His own heart now failing, Logan Mountstuart sorts through eight decades of memorabilia - photos, souvenirs and journals causing him to reflect on his life's highs and lows....
Quite a life it has been too. What did it include? A stately home. A dingy basement (where he was reduced to eating dog food). Friendship with Hemingway. Work with Ian Fleming in Intelligence. Bizarre encounters with the Duke and Duchess of Windsor (they superbly played by Tom Hollander and Gillian Anderson, and NOT emerging with credit). So many lovers, but only one who mattered (Hayley Atwell as Freya a delight). Never achieved was that great ambition of a literary masterpiece, something always contriving to thwart. Regrets? None really, merely acceptance "it's all just luck in the end."
An ambitious five part series, with interesting bonus features. Evocatively it recreates key aspects of the Twentieth Century - the skills in so doing perhaps particularly appreciated by viewers who themselves have reached a good age, their own memories similarly stirred. They too are more able to empathize with one who has outlived so many friends and colleagues.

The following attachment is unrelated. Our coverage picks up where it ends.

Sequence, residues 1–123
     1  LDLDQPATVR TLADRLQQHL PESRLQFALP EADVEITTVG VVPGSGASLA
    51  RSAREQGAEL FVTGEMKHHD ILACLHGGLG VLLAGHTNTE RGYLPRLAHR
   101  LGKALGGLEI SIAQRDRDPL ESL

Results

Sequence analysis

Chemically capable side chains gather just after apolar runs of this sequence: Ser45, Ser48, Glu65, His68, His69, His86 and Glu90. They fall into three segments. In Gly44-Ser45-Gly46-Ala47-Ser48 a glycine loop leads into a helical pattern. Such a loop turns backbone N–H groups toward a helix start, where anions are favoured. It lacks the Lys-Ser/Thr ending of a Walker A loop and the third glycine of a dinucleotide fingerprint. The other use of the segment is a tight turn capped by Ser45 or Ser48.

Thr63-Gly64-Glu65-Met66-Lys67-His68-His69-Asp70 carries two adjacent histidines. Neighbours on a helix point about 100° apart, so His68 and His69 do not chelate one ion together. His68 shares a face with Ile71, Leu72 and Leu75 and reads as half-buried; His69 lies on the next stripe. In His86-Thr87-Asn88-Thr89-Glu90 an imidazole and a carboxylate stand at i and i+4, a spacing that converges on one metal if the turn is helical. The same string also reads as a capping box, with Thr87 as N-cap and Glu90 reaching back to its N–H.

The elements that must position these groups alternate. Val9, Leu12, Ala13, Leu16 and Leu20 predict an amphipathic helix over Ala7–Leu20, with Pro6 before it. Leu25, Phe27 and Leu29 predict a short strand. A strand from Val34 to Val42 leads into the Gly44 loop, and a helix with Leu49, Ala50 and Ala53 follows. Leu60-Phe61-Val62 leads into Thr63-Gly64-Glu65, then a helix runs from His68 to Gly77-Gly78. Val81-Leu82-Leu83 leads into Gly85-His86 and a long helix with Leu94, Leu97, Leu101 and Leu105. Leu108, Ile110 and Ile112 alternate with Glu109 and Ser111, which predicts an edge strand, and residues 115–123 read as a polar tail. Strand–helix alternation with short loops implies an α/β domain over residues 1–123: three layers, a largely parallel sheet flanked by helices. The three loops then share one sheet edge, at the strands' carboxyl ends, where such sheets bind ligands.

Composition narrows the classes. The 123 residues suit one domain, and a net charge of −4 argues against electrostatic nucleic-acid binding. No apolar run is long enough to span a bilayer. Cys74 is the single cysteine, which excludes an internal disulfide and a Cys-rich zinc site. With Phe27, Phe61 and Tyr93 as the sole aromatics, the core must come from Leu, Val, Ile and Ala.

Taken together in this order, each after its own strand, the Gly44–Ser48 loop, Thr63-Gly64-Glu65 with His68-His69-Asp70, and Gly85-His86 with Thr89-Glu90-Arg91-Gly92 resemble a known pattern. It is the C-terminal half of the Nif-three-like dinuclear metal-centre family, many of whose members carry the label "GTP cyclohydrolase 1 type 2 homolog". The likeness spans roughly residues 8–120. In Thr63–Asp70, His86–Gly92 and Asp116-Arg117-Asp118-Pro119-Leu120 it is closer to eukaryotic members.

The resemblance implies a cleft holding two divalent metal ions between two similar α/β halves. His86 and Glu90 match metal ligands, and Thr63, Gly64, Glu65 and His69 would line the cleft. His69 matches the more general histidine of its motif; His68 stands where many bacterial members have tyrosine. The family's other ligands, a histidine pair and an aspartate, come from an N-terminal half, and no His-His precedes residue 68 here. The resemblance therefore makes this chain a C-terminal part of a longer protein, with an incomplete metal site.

Jim Broadbent is wonderful as the older Logan, Sam Claflin and Matthew MacFadyen shining as his younger selves. The transitions from one to another (and back again) are smoothly handled (slight adjustments to chins and earlobes helping continuity).
Totally involving, tender and true. Much humour, although sadness inevitably increases as the years advance. Destined to finish on a sombre note? Not at all. The last few seconds of the final episode contain a surprise that uplifts.
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